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Agatha Christie - 4.50 From Paddington
 

"I've just seen a murder"

It's 1957. Christmas is 5 days away, and Elspeth McGillicuddy forces her way through the hustle and bustle of Paddington railway station to reach Platform No. 3 for The 4:50 to Brackhampton, on her way to visit an old friend. She boards. As the train begins it's long journey she has a short nap. A porter passes down the corridor offering refreshments. Another train passes by going in the same direction... for a moment they almost appear stationary side by side...

And as Mrs Gillicuddy looks into the first class carriage opposite, she watches with horror as a woman is strangled to death...

"Oh Jane," she distressingly says later to Miss Marple, "I've just seen a murder!"
After a somewhat lacklustre series of books (After the Funeral, Destination Unknown, Dead Man's Folly), Agatha Christie returns to form somewhat with 4:50 From Paddington.

First published in 1957, it was her 58th book published and the 8th to feature Miss Marple.

This is one of Christie's more famous books and deals with Miss Marple's attempts to track down a murderer despite not having a body or any evidence that such a murder has taken place. When the police cannot find any evidence of a body either on the train or along the railway line, Miss Marple is the only one who believes Elspeth's claim and takes it upon herself to investigate. She discovers that the only place a body could have been thrown from the train without being found is near old Crackenthorpe Hall.

Miss Marple recruits friend and freelance housekeeper Lucy Eylesbarrow to go undercover at the Hall and investigate. The Hall is owned by elderly Mr Crackenthorpe, who lives with his daughter Emma. Coming to visit are his sons Harold, Alfred and Cedric and his widowed son in law Bryan plus his son Alexander. Plenty of suspects.

Miss Marple appears sporadically from here on in, mostly as she works with Detective Inspector Craddock (a Marple regular) when a body finally turns up. One of the best aspects of the book is that the identity of the victim is a mystery throughout and it's fun trying to work out who she could be, why she was killed and what her connection with Crackenthrope Hall is.

Indeed, Christie lays out many red herrings in the book with links to various members of the Crackenthrope family, alive and dead, and you'll be running through all kinds of connotations in your head until the end of the books when Christie turns everything around and surprises you as usual. Which is the trademark of a great mystery novel.

While all this is happening, two of the sons fall in love with Lucy which forms a secondary story to the murder, and of course it's perfectly possible that one of them may be the murderer, an idea that Christie has enjoyed using in the past to great effect. Naturally I'm not going to give the game away!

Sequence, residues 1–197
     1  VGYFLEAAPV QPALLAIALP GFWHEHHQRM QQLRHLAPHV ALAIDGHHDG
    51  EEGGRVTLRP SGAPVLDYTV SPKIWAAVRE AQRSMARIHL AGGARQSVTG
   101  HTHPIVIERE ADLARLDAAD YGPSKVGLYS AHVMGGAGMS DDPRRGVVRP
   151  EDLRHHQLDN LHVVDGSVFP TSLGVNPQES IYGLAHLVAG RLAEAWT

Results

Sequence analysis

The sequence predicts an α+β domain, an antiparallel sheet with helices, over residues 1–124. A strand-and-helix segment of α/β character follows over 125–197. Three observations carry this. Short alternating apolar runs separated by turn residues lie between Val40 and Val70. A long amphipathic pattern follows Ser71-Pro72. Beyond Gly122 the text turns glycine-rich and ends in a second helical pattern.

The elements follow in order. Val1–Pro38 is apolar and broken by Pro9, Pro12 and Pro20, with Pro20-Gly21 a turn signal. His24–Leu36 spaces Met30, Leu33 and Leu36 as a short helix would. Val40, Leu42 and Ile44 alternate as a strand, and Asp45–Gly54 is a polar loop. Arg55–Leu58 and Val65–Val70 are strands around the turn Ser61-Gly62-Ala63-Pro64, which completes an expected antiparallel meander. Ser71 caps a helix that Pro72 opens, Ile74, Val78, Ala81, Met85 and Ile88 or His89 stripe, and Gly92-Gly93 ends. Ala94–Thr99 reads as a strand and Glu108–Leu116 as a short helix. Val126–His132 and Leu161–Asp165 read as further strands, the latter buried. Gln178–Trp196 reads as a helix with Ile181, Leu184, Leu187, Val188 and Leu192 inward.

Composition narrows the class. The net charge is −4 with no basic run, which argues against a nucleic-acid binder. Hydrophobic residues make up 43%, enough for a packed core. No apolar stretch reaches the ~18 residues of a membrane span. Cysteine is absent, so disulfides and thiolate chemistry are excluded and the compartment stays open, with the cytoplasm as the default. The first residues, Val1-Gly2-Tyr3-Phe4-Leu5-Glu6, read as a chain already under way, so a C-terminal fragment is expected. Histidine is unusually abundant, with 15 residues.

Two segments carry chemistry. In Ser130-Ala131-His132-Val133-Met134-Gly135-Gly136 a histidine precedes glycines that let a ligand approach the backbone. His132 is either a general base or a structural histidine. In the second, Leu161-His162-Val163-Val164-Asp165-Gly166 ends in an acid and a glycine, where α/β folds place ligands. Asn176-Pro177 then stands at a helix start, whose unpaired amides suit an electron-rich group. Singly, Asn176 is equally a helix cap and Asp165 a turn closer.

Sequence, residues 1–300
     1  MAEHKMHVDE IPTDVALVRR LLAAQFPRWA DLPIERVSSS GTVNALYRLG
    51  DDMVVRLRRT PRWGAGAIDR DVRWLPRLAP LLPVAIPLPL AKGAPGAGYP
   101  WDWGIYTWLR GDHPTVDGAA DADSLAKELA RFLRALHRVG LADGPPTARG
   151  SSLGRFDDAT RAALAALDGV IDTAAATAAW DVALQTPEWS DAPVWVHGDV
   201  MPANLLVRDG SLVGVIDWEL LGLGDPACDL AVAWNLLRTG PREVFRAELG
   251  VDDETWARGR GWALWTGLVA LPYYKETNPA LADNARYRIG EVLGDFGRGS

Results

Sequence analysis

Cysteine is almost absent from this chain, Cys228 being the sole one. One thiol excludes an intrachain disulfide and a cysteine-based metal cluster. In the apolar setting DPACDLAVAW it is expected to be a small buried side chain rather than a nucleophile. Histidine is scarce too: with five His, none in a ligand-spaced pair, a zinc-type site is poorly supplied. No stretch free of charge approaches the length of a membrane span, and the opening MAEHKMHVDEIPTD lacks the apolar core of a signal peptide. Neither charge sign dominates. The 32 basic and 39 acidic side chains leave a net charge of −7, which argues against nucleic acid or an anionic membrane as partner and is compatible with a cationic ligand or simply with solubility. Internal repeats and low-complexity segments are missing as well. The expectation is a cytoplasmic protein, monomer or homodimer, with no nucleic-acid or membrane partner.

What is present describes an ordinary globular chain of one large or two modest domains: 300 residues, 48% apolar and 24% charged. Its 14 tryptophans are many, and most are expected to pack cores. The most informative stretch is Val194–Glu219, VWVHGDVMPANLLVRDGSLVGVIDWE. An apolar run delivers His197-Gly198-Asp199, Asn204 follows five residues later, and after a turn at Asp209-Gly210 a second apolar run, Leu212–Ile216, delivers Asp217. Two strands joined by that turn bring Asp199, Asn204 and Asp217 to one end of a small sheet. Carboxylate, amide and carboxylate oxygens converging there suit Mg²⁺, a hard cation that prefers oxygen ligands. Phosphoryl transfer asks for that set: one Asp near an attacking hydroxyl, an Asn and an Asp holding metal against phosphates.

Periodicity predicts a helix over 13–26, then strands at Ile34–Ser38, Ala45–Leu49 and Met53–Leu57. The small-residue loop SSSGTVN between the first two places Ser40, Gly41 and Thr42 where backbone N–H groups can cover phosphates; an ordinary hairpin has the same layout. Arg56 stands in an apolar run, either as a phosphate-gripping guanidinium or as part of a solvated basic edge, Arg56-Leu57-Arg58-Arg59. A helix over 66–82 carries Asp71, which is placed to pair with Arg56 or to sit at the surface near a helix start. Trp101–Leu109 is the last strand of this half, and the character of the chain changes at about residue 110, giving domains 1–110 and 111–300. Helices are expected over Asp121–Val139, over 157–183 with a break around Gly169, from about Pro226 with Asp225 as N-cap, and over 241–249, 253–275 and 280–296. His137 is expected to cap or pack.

It's not often in a Christie book that you have an eye witness to the murder right from the get go, but no body, no evidence and no murderer - as if the whole thing never happened! But Miss Marple knows her friend is very down to earth and sensible so there must be something in what she says, so continues with dogged persistance. Another idea that sets the book apart from the usual mystery.

Occasionally the book does peter out occasionally - you'll be waiting for more revelations or another murder - then something happens to engage your interest again, for example when everyone is poisoned with arsenic in the curry (!)

The only disappointment is the denouement.
I don't mean the identity of the murderer but the way they are revealed to us; I much prefer everyone gathering together as the detective outlines the solution to the case, building up to the revelation of the killer at the end. In this book however, the denouement is very short - it's simply 'you're the murderer', followed by a brief explanation from Miss Marple much later. All very plausible (and works out fine when re-reading the book) but disappointing.

It's rather a shame, really, that so few Miss Marple books were written as she is quite a good detective.

Advantages: Good idea for a murder story, Plenty of red herrings

Disadvantages: Disappointing end

         
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Review Submitted by :
  Litefoot
 
 
 
 
 
 
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Date Published :
1957
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